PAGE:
Despite early-season construction delays and late-season avalanche danger, Perseverance Trail may be able to open as planned in little more than a month.
This winter's heavy snowfall disrupted restoration work on the first 114 miles of the trail, and the persistent avalanche danger has delayed the finishing touches on the 1,500 linear feet of trail that were blasted last fall.
Depending on when the danger subsides, the popular recreation trail at the end of Basin Road should reopen in late May or early June.
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Due to the avalanche danger, Basin Road is also closed beyond the trestle.
"We're not going to try and close (the trail) in the middle of the summer during its most popular use," said James King, executive director of Trail Mix.
"The main reason it's closed right now is because of the danger," he said. "There is some loose rock on those blasted cliffs that could fall out on people. As soon as we can get it cleared up, we'll open up the trail and enjoy it all summer."
The series of cribs that hold the trail in place over the cliff above Gold Creek have been failing for years. A restoration project began last fall, funded in part by a $690,000 Alaska Trails Initiative Grant.
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"We knew going into it that winter was a time that you work when you can and you don't when you can't," King said. "So we knew there was a good possibility that we wouldn't get through the project."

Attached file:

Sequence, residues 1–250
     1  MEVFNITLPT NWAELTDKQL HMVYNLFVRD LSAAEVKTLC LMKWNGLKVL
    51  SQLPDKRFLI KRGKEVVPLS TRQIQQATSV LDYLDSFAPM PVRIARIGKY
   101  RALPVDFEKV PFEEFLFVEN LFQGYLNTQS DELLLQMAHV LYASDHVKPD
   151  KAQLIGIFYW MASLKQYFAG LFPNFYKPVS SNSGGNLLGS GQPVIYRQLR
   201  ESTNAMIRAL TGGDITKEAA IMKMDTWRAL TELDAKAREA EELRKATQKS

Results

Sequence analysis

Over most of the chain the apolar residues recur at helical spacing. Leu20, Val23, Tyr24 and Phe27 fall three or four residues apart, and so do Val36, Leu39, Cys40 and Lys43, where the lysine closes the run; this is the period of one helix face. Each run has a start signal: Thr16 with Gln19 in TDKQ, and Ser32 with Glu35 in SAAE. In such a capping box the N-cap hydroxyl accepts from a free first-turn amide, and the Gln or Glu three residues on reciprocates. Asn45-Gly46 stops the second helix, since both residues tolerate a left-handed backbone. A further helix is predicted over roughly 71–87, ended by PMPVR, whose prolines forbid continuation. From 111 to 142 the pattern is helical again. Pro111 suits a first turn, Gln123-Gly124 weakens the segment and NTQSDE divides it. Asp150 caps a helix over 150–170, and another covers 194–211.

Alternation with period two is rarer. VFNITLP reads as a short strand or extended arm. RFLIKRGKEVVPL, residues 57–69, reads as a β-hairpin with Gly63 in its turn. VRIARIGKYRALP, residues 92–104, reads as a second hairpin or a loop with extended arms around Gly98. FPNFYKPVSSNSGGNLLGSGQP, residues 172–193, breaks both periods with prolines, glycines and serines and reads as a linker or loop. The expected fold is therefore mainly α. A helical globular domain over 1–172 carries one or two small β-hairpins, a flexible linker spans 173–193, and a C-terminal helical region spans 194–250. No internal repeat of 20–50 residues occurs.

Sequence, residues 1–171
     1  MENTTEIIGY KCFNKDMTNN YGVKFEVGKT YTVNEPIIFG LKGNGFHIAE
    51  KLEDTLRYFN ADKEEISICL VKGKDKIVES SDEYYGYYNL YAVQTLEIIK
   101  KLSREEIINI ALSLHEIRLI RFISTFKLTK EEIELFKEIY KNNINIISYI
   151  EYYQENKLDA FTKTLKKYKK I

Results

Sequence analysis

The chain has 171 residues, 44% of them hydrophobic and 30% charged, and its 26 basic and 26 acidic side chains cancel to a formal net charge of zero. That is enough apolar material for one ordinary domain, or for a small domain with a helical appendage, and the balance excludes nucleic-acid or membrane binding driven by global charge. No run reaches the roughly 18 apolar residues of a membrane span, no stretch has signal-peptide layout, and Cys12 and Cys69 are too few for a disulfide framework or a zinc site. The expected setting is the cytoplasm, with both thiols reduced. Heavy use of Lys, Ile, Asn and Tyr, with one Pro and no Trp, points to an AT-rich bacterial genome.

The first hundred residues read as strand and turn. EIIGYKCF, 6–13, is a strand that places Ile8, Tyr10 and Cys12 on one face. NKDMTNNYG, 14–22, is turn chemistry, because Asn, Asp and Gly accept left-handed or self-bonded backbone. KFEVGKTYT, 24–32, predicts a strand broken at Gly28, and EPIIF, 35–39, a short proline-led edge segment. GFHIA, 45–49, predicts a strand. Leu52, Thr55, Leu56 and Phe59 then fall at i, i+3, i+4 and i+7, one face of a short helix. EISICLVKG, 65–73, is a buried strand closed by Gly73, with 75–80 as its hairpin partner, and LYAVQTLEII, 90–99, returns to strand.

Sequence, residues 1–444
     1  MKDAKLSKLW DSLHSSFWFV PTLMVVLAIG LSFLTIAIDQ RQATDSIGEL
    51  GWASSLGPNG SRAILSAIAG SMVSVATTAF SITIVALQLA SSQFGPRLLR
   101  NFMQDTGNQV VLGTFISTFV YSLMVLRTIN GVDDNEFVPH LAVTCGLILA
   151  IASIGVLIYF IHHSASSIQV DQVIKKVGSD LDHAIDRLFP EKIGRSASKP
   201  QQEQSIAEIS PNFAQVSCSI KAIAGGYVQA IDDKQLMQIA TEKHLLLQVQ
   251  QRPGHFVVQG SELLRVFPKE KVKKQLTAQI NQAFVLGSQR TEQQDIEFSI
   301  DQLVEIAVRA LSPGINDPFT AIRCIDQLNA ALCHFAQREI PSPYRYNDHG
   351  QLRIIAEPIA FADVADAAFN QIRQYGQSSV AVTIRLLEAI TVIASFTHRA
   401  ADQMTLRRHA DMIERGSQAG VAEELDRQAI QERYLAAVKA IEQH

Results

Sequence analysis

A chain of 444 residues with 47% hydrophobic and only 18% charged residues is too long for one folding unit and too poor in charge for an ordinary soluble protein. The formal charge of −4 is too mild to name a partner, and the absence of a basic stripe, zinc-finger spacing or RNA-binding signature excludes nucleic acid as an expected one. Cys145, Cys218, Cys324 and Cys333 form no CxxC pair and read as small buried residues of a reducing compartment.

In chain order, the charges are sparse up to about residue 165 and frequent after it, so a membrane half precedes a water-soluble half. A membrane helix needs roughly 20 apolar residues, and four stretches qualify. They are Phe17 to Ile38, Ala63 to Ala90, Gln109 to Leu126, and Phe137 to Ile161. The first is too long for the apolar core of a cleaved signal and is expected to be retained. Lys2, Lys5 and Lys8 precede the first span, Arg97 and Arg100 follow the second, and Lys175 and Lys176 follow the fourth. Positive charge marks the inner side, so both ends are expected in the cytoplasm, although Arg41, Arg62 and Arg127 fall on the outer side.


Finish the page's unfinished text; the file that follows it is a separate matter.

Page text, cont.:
Plans call for approximately 2,500 feet of trail to be blasted at 17 different sites along the first 114 miles of the trail. Ketchikan-based Channel Construction completed 1,500 feet before leaving in mid-January, when snowslides complicated the process.
The early snowfall pushed the first bedrock blast from mid-November to Dec. 15.
In late September, the trail will be reclosed and the contractor plans to finish blasting at sites along the final 1,000 feet.
When the snow melts and the avalanche danger subsides this spring, Channel will return to the trail and finish work on the 1,500 feet that's already blasted.
The contractor plans to scrape the loose rocks and debris off the cliffs, smooth out the tread and install some of the 24-inch culverts that need to be placed in that section.
It's unknown when the contractor will be able to return to the area.
"We're just going to wait and see," King said. "Last year we had avalanches clear into May when we got a late snow. Stuff was still coming down from up high. We don't want the contractor in there risking his life."
Korry Keeker can be reached at email@example.com.